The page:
Characterization of histone-related chemical modifications in formalin-fixed paraffin-embedded and fresh-frozen human pancreatic cancer xenografts using LC-MS/MS

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Laboratory investigation; a journal of technical methods and pathology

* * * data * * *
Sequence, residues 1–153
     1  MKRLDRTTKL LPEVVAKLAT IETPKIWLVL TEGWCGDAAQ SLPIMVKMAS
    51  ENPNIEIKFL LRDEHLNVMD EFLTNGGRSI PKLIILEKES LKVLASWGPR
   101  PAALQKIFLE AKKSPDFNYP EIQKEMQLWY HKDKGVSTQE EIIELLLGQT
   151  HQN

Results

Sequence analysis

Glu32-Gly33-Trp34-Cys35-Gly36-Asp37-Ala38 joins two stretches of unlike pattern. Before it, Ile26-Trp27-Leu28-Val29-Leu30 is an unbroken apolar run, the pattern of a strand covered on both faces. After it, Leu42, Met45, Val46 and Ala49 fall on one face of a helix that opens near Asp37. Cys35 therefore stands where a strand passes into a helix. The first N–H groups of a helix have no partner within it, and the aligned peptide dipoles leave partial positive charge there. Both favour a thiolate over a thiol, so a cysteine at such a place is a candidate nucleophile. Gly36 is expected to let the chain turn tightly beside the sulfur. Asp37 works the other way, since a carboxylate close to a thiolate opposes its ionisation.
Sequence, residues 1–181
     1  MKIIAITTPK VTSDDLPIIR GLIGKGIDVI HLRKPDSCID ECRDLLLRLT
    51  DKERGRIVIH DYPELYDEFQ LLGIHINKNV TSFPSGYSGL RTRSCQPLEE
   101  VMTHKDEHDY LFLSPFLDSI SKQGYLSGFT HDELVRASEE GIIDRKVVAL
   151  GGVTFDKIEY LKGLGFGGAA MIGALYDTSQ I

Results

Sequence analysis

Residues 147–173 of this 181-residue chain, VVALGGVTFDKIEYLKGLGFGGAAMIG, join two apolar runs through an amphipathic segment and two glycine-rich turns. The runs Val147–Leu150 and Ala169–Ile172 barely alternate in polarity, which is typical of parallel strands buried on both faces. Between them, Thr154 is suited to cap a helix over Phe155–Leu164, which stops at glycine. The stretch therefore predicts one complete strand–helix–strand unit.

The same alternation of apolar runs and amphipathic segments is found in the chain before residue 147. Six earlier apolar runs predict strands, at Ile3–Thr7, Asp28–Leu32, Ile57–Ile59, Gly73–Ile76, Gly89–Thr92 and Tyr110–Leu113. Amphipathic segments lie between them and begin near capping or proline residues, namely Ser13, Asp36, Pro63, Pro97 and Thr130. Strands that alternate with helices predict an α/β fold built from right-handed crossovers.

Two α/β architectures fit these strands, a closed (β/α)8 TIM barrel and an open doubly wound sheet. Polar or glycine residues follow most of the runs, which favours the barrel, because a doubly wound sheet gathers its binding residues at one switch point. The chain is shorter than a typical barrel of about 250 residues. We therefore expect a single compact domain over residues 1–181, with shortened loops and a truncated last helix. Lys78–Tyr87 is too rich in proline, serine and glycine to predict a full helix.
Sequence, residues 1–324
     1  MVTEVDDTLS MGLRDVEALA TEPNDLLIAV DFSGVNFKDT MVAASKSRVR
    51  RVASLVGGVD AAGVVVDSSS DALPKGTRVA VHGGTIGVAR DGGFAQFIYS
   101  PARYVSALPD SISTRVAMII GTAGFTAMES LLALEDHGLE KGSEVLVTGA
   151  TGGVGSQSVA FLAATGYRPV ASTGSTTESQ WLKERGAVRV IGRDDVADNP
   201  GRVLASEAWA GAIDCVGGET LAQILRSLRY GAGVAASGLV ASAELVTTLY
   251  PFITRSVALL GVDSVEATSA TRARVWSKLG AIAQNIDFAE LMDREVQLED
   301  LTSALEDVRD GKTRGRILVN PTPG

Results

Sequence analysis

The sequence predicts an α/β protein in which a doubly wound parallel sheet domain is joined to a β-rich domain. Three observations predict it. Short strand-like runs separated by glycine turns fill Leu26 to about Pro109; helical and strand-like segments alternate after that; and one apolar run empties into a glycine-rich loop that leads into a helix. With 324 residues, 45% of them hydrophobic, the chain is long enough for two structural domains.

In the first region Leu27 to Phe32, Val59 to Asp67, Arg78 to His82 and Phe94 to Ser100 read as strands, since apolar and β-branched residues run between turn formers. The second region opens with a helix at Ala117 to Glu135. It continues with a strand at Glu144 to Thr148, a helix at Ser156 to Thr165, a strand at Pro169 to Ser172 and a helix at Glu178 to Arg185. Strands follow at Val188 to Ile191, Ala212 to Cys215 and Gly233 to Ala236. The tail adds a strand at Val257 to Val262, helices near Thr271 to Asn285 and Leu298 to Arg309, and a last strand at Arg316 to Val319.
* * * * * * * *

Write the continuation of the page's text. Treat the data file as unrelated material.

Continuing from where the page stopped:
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Post-translational modifications (PTMs) of histones including acetylation, methylation, and ubiquitination are known to be involved in the epigenetic regulation of gene expression and thus can have an important role in tumorigenesis. A number of PTMs have been linked to pancreatic cancer and are frequently studied as potential targets for cancer therapy or diagnosis. The availability of biobank-stored, formalin-fixed, paraffin-embedded (FFPE) materials and advanced proteomic analytical tools make it possible to detect histone-related PTMs using predicted mass shifts caused by specific modification. It is, however, important to take into account the fact that formaldehyde (FA) present in the FFPE material is chemically reactive and may undergo condensation reactions, for example, with terminal amino groups and active CH functionalities of the studied proteins. As supported by the results of this study, the possibility to misinterpret such protein condensation product as endogenous PTMs should be taken into consideration in all proteomic analytical work involving FFPE materials. In this study, we used liquid chromatography-tandem mass spectrometry to assess preassumed modification of the lysine residues of histone proteins in FFPE or fresh-frozen (FF) tumor xenografts, derived from the human pancreatic cancer cell line, Capan-1. Here we report modifications with a defined mass shift of +14.016, +28.031, +42.011, or +114.043 Da, corresponding to apparent methylation, dimethylation, acetylation, or ubiquitination that were differentially distributed between the groups. The identified modifications were significantly more frequent in FFPE samples as compared with FF samples. Our results indicate that FFPE tissue processing may result in persistent chemical modifications of histones, which correspond in mass shift of important PTMs. Herein, we highlight the importance to investigate and report FA-formed modifications in FFPE-treated tissues, as well as the necessity of careful manual examination of observed modifications to eliminate false-positive PTMs.

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